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As I understand it, this happened because the technology for transmitting direct current was not good enough back in the days when the national power grid was being set up.
When power is used in a home, it must be at a relatively low voltage. But transmitting current at that low of a voltage is not efficient. What is usually done is to use transformers to take high voltage current (from the grid) and make it into low voltage current that can be used in homes.
In the old days, it was not possible to do this with DC -- only with AC. And that's why they used AC. It is becoming more feasible to transform DC nowadays so there are moves toward using DC more because it has some advantages.
There are several reasons for using AC current rather than DC current. To begin with the current generated for the national grid is basically in the form of AC. This current can also be converted in DC current, but because of the basic technological characteristics of generation technology, the current naturally produced by all kinds of generators is AC current.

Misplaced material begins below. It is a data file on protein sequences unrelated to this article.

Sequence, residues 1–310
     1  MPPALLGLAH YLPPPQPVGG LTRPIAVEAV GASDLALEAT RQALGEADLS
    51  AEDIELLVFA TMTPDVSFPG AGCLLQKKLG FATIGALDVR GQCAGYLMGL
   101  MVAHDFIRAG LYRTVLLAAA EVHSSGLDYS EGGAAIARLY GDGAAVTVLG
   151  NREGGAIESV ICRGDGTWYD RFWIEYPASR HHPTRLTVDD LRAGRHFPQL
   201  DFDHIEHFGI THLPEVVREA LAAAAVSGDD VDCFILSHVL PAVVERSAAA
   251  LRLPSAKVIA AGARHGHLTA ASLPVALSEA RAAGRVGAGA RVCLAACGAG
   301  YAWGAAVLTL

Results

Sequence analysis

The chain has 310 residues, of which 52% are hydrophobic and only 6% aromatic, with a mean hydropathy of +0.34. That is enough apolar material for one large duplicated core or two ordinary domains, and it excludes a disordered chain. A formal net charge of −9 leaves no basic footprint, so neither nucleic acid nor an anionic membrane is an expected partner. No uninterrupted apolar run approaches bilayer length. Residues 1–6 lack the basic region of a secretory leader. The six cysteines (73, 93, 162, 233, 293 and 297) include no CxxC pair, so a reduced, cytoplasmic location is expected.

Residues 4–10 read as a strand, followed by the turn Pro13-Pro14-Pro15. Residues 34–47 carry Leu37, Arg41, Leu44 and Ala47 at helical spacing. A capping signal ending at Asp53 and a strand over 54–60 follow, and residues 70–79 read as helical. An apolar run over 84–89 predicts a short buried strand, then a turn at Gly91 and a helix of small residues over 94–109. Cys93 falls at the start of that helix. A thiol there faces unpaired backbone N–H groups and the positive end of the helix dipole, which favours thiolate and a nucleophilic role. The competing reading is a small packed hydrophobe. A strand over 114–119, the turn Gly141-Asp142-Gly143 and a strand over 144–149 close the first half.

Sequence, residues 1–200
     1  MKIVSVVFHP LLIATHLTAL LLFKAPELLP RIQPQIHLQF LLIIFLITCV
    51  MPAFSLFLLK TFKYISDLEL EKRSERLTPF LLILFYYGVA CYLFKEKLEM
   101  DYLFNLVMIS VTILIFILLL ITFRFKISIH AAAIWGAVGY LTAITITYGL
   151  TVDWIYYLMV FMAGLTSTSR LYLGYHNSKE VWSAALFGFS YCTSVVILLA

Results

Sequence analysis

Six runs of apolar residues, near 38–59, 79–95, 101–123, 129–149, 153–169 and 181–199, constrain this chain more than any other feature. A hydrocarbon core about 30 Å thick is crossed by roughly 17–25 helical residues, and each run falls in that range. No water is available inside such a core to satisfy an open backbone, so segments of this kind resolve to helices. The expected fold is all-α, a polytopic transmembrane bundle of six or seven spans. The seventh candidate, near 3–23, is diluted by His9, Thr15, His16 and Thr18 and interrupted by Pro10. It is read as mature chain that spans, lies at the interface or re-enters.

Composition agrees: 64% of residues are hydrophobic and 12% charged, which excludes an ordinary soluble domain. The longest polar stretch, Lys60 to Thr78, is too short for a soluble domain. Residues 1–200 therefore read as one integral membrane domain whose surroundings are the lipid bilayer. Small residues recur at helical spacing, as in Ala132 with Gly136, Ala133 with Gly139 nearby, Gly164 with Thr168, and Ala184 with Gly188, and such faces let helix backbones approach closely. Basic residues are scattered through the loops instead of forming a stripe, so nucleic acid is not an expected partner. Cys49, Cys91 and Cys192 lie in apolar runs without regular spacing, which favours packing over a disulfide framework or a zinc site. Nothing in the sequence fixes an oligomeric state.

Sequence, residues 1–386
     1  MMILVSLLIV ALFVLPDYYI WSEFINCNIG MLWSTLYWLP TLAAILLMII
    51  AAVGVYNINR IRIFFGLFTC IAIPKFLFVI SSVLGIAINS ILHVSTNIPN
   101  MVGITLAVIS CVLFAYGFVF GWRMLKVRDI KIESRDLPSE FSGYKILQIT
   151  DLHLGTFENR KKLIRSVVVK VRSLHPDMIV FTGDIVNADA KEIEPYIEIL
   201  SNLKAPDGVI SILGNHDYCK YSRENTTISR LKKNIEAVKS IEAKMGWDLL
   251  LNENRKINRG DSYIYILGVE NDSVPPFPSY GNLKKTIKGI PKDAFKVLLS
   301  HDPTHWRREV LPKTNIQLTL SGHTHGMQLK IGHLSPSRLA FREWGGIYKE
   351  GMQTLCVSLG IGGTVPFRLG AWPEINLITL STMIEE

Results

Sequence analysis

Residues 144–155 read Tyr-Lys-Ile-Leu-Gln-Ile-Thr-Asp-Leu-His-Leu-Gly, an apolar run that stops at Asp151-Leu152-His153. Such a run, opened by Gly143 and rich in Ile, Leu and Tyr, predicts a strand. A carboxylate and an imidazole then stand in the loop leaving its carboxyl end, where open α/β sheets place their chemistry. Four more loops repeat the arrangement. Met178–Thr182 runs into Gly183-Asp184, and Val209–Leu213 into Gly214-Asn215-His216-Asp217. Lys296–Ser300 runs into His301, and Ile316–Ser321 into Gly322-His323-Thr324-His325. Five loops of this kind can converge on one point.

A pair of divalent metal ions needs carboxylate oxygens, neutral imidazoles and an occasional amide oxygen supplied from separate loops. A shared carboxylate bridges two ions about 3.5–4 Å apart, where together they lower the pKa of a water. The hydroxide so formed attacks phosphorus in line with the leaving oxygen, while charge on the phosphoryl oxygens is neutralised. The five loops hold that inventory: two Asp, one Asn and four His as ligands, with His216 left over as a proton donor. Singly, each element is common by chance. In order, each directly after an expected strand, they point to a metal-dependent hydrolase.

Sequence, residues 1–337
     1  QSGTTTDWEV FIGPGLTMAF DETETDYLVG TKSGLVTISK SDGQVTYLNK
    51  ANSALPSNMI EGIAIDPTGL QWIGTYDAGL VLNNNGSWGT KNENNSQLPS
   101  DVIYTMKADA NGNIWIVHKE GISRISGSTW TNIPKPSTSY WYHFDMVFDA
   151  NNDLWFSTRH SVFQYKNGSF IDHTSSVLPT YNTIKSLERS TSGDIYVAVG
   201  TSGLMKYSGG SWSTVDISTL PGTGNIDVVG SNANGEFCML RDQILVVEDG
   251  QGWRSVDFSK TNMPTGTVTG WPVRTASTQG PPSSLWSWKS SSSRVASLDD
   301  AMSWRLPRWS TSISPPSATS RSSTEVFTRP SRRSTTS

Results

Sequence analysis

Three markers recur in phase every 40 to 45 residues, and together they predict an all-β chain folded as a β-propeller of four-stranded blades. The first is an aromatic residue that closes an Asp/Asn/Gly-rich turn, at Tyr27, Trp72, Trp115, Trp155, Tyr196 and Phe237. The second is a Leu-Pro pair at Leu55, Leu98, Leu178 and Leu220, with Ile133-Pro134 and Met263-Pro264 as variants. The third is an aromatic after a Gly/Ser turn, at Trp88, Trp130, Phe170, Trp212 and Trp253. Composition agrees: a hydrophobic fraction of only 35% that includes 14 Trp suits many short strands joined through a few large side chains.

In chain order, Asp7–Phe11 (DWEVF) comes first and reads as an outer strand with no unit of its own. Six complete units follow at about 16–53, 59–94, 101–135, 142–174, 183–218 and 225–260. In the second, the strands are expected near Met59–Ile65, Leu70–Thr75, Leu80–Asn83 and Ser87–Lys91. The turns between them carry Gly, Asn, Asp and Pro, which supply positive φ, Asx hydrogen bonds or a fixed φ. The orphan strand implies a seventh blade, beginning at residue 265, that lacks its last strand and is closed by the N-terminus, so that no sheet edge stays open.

Another major advantage of AC current is the ability to convert voltage of AC current using AC transformers. This enables current to be stepped up to very high voltages for long distance transmission, and stepping down the voltage in stages along the transmission network as the current reaches near the consumers, till the voltage is stepped down to the lowest voltage suitable for domestic and other retail application. This transmission of current at different voltages along different sections of the electrical network provides high level of transmission efficiency combined with flexibility with safety. Also it enables industrial consumers requiring higher voltage current to get the same easily.
AC current is also the most suitable type of current for most of the applications. In addition, AC current is safer as compared to DC current.
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